Sunday, September 11, 2016

Day is Done

 Day is Done

Labor Day is like summer’s light switch: turn if off and the summer crowds and events are gone. This was a glorious summer in the Adirondacks but all good things must end: one last look as the sun dips beyond the treetops and the season, and life, change. All that’s missing is the sound of a bugle playing Taps.

As a kid my parents sent me to a YMCA camp along the shores of Lake George: ten kids to a bunk that was an old Army tent. Reveille woke us to a day filled with activities and sports: we made lifelong friendships and learned how to grow up.  Counselors were college kids we looked up to: early-on one introduced me to my lifelong love of music and guitars.  And at the end of the day Taps was played as we drifted off from exhaustion.

One summer they took 20 of us on a 90-mile canoe trip: paddling, portaging, and setting up camp for 10 days.  That was the first time any of us knew we could anything that hard: hiking, like biking, were natural kid activities, but shooting rapids and being pushed beyond our endurance levels opened our eyes to the things people could do when challenged. We told stories about our experiences around nightly campfires and drifted off to our counselors saying good job and good night.

My last summer at that camp was a 6-week bus trip with 26 other kids to every national park in America: suddenly 2-dimensional pictures became 3-dimensional experiences. We pitched tents each night after traveling to and exploring that day’s park: we learned that America the Beautiful was more than a song.  We were mostly city kids who’d grown up and mostly stayed around our own neighborhoods: now our boundaries seemed endless.

Each of those summers ended with heartfelt goodbyes: some stayed in touch for a year, others for a lifetime. My summers now are again spent on wilderness lakes and the same feeling comes over me when each ends.  Last night as I was getting ready to leave the Adirondacks and return to our home in Las Vegas I imagined the bugle’s notes as the last rays of the sun faded into dark. I think we all need a place that nurtures today with the memories of yesterday: where we can act like kids, have great experiences, live the dream, and get ready for whatever comes next. We never know what our future holds, but we should have faith that it will be good: remember that every sunset is both the end of one day and the promise of another.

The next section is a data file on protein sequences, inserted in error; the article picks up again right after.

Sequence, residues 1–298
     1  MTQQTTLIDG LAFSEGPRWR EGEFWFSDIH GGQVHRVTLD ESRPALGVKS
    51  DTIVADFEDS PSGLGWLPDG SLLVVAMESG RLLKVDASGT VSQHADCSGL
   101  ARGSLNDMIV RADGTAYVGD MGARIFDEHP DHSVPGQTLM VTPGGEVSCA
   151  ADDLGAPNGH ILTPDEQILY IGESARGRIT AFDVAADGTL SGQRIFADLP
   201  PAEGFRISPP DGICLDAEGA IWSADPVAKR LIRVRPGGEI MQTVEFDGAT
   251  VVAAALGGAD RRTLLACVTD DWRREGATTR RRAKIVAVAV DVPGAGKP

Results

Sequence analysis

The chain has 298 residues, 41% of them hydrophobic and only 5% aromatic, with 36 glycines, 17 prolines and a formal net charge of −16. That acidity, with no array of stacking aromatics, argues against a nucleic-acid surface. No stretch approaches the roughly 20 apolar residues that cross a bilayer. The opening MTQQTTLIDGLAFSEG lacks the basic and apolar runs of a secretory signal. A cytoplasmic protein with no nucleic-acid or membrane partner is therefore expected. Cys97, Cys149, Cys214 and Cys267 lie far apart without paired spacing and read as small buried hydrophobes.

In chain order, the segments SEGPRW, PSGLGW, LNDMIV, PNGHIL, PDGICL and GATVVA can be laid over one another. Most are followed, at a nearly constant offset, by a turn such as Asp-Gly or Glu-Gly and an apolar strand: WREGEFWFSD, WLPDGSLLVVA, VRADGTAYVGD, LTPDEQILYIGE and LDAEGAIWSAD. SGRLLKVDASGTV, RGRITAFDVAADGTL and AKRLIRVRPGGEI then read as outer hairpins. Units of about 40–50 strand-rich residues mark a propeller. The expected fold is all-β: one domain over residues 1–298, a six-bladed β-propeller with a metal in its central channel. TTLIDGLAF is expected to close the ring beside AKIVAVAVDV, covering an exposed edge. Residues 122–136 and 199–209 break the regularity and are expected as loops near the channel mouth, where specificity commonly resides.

My message this week is about transitioning from one thing to the next:

“New beginnings are often disguised as painful endings.” Lao Tzu

I remember getting the call that Steve Wynn has sold the Golden Nugget in Atlantic City: we thought the world had come to an end.  Shortly after that he started developing the Mirage and we rejoined him at the Golden Nugget in Las Vegas and rejoiced. And then 14 years later he sold Mirage Resorts to MGM: it was like getting hit by lightening twice. That sale was especially unsettling because he didn’t have another existing company to join.  But he bought the Desert Inn and started to build what would become a new company called Wynn Las Vegas.  Both of those new beginnings were disguised as painful endings: we were sorry to see the past go away but quickly got into building a new team, at a new company. We often have trouble seeing past the pain that comes from change instead of seeing it as the chance to do something new. Don’t keep looking in the rear view mirror when the view out the windshield is filled with the promise of a new tomorrow.

Stay well